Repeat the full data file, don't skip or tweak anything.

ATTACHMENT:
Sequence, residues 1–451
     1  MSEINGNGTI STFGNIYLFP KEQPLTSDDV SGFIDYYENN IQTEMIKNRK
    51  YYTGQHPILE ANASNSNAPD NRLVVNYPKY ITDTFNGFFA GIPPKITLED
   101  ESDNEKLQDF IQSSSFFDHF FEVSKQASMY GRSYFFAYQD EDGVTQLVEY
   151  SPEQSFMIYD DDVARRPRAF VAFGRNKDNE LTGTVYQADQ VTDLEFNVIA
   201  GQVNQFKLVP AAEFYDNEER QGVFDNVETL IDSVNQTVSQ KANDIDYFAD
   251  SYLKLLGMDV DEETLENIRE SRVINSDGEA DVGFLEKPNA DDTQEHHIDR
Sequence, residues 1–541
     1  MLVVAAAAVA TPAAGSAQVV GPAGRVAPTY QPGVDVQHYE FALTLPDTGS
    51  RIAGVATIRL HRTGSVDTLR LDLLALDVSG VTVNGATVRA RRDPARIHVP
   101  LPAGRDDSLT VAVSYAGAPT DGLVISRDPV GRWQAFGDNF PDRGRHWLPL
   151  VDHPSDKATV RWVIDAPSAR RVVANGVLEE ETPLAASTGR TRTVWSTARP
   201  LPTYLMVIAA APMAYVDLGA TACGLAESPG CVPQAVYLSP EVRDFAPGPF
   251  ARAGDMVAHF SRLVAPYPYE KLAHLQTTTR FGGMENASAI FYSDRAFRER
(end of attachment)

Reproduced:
Sequence, residues 1–451
     1  MSEINGNGTI STFGNIYLFP KEQPLTSDDV SGFIDYYENN IQTEMIKNRK
    51  YYTGQHPILE ANASNSNAPD NRLVVNYPKY ITDTFNGFFA GIPPKITLED
   101  ESDNEKLQDF IQSSSFFDHF FEVSKQASMY GRSYFFAYQD EDGVTQLVEY
   151  SPEQSFMIYD DDVARRPRAF VAFGRNKDNE LTGTVYQADQ VTDLEFNVIA
   201  GQVNQFKLVP AAEFYDNEER QGVFDNVETL IDSVNQTVSQ KANDIDYFAD
   251  SYLKLLGMDV DEETLENIRE SRVINSDGEA DVGFLEKPNA DDTQEHHIDR
Sequence, residues 1–541
     1  MLVVAAAAVA TPAAGSAQVV GPAGRVAPTY QPGVDVQHYE FALTLPDTGS
    51  RIAGVATIRL HRTGSVDTLR LDLLALDVSG VTVNGATVRA RRDPARIHVP
   101  LPAGRDDSLT VAVSYAGAPT DGLVISRDPV GRWQAFGDNF PDRGRHWLPL
   151  VDHPSDKATV RWVIDAPSAR RVVANGVLEE ETPLAASTGR TRTVWSTARP
   201  LPTYLMVIAA APMAYVDLGA TACGLAESPG CVPQAVYLSP EVRDFAPGPF
   251  ARAGDMVAHF SRLVAPYPYE KLAHLQTTTR FGGMENASAI FYSDRAFRER